A man was shot Friday night on the University of Washington campus during a protest for a controversial speaker, and the suspected shooter turned himself in claiming self defense, police said.
The large crowd packed the Red Square area of campus Friday night protesting a speech by controversial Brietbart News editor Milo Yiannopoulos.
The University of Washington College Republicans invited Yiannopoulos to speak on Friday, the day of Donald Trump's inauguration. People hoping to attend the event started gathering on campus around 5 p.m.
Protesters showed up around 6 p.m. and began clashing with police. Meanwhile, in downtown Seattle another protest left Westlake Park, with some demonstrators marching to the U-District to join the UW protest.
Protesters at UW threw rocks, fireworks, and other items at officers. They blocked the entrance to Kane Hall, but Yiannopoulos’ speech still started around 8 p.m.
A large crowd of protesters remained outside.
Protesters from the Westlake Park rally were only about two blocks away from UW before the shooting happened.
UW campus police said as its department worked with SPD, officers struggled with maintaining the line of people waiting to attend the event. While officers were trying to monitor the event, they received the report that someone was shot.
KIRO 7 Chopper caught video of bike officers rushing to a crowd of people shortly after the shooting. Moments later they were responding to a man on the ground.
The 34-year-old man was taken to Harborview Medical Center, where he underwent surgery. He was in critical condition. The man was previously identified by authorities as a 25-year-old.
On Saturday morning, hospital officials said the victim was in critical but stable condition.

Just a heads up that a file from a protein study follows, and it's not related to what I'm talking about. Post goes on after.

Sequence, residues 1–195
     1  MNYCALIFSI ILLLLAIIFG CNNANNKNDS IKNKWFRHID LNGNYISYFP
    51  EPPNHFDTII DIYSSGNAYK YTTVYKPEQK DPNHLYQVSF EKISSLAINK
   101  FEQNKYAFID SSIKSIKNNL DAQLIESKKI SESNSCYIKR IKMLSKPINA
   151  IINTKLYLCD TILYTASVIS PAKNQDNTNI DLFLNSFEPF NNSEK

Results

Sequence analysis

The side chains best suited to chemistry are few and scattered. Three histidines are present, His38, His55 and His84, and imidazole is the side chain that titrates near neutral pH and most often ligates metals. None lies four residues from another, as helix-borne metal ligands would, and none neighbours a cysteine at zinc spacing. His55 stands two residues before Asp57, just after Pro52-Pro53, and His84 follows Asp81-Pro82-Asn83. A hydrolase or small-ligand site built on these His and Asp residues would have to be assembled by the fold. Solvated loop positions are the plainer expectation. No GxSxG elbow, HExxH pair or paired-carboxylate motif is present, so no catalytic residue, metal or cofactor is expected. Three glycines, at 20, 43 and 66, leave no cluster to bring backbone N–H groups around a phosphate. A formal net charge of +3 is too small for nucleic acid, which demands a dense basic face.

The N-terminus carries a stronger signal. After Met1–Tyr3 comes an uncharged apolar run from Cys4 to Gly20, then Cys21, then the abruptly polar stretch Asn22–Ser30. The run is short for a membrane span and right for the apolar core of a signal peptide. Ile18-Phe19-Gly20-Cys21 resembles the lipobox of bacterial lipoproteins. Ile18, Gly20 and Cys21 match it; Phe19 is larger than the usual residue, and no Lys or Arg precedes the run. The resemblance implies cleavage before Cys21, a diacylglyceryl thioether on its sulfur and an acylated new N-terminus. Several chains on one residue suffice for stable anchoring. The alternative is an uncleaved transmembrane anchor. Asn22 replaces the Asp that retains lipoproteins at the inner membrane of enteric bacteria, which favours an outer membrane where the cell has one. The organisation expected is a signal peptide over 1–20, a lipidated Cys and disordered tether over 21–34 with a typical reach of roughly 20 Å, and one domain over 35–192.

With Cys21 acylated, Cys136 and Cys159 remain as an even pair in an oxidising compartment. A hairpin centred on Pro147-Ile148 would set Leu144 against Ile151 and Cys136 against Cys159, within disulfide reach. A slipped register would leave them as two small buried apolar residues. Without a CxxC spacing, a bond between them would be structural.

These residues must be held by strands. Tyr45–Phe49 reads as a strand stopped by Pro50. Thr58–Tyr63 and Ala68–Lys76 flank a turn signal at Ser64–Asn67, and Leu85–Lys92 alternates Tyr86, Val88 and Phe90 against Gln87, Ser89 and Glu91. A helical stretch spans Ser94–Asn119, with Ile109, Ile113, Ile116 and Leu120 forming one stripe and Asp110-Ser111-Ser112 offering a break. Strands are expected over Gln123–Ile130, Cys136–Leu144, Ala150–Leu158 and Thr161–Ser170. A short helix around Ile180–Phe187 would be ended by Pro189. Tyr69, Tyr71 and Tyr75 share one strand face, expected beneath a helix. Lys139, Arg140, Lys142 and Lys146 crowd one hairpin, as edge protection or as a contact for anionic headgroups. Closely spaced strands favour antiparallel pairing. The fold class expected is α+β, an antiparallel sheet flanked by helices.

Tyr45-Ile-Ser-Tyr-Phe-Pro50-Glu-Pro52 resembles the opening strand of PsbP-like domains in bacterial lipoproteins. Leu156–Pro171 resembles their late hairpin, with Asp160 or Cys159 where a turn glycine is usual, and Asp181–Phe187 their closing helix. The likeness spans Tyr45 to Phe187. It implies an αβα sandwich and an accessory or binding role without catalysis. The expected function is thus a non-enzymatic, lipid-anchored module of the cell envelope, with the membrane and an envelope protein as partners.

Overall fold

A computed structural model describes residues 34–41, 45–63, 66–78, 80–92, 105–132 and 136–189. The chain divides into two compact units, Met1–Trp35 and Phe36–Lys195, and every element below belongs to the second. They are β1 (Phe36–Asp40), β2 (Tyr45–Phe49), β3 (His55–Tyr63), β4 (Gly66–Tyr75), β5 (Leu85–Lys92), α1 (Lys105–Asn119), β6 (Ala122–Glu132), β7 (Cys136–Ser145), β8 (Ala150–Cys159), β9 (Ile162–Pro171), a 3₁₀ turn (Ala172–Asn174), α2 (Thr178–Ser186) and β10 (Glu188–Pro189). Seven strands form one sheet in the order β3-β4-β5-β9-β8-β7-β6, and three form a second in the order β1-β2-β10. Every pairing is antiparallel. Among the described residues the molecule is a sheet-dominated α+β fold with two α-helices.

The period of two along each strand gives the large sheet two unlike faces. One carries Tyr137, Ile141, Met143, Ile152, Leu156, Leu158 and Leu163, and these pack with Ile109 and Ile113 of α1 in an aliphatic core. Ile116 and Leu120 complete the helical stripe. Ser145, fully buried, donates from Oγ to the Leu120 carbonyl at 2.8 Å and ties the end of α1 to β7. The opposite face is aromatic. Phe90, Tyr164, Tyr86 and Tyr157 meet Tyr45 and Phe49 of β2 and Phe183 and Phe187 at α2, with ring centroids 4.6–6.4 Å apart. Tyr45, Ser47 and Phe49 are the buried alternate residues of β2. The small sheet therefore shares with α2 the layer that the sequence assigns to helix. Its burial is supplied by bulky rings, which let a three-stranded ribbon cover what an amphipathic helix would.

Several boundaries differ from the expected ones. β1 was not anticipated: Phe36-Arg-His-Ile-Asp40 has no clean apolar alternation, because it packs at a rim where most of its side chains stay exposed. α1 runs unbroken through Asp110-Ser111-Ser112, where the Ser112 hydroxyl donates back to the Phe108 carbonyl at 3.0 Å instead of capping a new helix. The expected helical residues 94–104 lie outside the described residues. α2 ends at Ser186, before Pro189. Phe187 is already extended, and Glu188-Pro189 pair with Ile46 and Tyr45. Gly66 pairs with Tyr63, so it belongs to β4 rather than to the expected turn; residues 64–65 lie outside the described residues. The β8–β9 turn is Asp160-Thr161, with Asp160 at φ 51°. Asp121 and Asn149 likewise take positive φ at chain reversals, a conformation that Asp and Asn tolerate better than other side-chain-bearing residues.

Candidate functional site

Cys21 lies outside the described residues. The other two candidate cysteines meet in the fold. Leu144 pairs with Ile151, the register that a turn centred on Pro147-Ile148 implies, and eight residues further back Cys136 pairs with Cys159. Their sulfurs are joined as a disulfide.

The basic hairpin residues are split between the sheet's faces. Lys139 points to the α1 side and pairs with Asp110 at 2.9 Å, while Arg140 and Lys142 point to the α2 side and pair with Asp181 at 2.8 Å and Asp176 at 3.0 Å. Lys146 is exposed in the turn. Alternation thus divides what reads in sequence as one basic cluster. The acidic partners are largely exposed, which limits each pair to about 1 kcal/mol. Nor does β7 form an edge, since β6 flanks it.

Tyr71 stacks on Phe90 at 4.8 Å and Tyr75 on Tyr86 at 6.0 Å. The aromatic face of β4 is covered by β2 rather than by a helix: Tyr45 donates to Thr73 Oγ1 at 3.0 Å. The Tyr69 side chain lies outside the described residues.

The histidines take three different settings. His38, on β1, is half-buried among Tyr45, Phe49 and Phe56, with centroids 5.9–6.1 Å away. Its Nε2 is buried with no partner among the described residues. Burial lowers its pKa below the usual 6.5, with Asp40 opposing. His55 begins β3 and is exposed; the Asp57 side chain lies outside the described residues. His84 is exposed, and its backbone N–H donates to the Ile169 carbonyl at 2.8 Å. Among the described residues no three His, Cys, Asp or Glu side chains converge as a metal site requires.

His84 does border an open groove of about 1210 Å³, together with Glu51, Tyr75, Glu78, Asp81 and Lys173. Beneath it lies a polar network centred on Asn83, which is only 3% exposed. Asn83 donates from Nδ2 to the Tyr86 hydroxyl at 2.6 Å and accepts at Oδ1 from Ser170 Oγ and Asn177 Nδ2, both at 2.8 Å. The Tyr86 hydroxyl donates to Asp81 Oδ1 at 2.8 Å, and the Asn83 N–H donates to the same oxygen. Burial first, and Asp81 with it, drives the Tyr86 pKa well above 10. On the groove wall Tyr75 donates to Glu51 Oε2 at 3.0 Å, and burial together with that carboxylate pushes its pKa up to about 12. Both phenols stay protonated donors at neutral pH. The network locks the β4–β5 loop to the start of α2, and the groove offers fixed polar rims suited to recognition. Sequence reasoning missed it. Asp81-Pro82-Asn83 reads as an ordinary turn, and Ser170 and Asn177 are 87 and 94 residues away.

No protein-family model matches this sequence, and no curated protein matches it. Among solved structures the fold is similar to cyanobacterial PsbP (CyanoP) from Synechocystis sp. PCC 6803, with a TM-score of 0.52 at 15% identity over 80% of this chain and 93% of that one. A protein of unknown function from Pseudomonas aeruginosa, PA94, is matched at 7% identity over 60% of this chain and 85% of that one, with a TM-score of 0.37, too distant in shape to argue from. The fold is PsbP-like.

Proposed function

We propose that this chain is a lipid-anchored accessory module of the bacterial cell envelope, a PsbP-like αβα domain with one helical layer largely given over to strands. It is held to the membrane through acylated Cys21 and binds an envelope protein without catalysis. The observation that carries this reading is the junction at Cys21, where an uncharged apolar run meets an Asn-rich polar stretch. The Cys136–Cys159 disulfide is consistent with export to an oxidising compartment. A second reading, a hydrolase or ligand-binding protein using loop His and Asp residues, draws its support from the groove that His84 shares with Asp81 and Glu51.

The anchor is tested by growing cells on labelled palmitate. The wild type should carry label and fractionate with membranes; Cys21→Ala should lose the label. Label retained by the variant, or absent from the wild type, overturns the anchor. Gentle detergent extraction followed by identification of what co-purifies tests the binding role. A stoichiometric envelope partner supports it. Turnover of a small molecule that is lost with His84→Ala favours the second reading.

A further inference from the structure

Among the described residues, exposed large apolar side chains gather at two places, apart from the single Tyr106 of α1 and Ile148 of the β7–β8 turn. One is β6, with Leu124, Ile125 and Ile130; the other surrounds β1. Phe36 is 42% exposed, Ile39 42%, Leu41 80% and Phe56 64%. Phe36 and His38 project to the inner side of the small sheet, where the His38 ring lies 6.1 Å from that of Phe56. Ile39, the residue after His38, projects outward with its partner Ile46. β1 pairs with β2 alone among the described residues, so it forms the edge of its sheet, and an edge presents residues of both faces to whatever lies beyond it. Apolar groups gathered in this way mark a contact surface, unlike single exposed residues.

By Sunday, he had improved to serious condition in the ICU at Harborview and was breathing on his own.
Police clad in riot gear surrounded Red Square late Friday night.
A UW alert went out to students' phones, telling them to stay out of the area after the shooting. Another alert later went out with the suspect's description.
UW students were alerted to the suspected shooters arrest early Saturday morning.
The suspect, accompanied by another individual, turned turn himself in to UW police detectives following the incident.
Both individuals were taken into custody. They were released hours later on Saturday pending further investigation.
Seattle police responded to an assault report of a "head injury" about a block away from the campus around 9:15 p.m., but the department did not provide further details.
Leaders respond to shooting after day of demonstrations
Mayor Ed Murray released a statement as police searched for the gunman.
Seattle and UW campus police held a news conference late on Friday night. They told a room of reporters that they have been planning for weeks for protests; campus police prepped for nearly the last month.
Police chief Kathleen O'Toole said that officers oversaw several successful demonstrations without injuries, with the exception of the UW protest, on Friday.